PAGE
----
Hydrogen Highway by 2010, Says California Official

May 01, 2004

Governor Arnold Schwartzenegger's top environmental aide told state lawmakers the governor's vision of a "hydrogen highway" that would usher in an age of cleaner cars is realistic by 2010, and won't cost the state much money. Schwartzenegger pledged to build hydrogen fueling stations every 20 miles along major highways. The stations will allow motorists to buy clean-burning hydrogen-fueled vehicles without fear they will run out of fuel. He chose 2010 because that's when automakers have said such vehicles will be affordable and readily available, said Environmental Protection Secretary Terry Tamminen.

"California does invent the future," Tamminen said. Though there are plenty of unknowns, "there are no show-stoppers. The only area where some of us disagree is on timing." California Energy Commission member Jim Boyd warned that the cost is too high. And Toyota Motor Company's Bill Reinert said that despite a decade of research and development, any promises are premature. The automotive industry is still years away from developing the smaller, cheaper, more efficient, and longer lasting fuel cells that are needed before many consumers will buy hydrogen-fueled vehicles, Reinert said. "We're not even close to solving storage technology issues yet," Reinert said.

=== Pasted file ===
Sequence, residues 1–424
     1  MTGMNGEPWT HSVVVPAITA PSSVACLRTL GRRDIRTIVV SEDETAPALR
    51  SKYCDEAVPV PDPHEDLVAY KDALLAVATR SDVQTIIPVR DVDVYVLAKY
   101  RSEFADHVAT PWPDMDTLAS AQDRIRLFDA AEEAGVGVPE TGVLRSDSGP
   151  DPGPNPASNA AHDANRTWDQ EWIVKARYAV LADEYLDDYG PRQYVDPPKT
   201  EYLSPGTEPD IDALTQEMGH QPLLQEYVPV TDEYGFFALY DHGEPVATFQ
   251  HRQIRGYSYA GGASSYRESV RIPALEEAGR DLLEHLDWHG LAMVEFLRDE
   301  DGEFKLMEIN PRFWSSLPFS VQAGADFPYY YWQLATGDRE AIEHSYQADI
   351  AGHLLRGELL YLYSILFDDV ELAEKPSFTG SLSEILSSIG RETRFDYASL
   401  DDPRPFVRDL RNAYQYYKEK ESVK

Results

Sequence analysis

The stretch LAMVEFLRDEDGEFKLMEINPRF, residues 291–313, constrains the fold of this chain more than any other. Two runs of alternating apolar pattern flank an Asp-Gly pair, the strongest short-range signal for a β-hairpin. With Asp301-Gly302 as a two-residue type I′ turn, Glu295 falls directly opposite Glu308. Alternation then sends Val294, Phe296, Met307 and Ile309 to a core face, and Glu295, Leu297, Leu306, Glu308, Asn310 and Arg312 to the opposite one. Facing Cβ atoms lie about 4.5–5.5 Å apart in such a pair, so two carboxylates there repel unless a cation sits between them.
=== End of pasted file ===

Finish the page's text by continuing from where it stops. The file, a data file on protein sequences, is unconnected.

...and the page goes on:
Though he expects technology will develop dramatically over the next few years, "we still have significant challenges along the way." Other witnesses before the Assembly Select Committee on Air and Water Quality said a strong push by the state and federal governments is needed. S. David Freeman, a top energy aide to former Governor Gray Davis (who now heads a company involved in hydrogen-powered vehicles), said the state should consider floating more long-term debt to pay for the project. But Tamminen said the cost to the state could be minimal. Schwartzenegger's proposed network amounts to about 200 fueling stations, a fraction of California's 10,000 retail gasoline stations, Tamminen said. Twenty-five of those stations will soon be available, and Tamminen projected more can be built by universities, waste conversion stations, and automakers at little cost to the state.

Source: Don Thompson, Associated Press story published in the February 27 edition of Environmental News Network.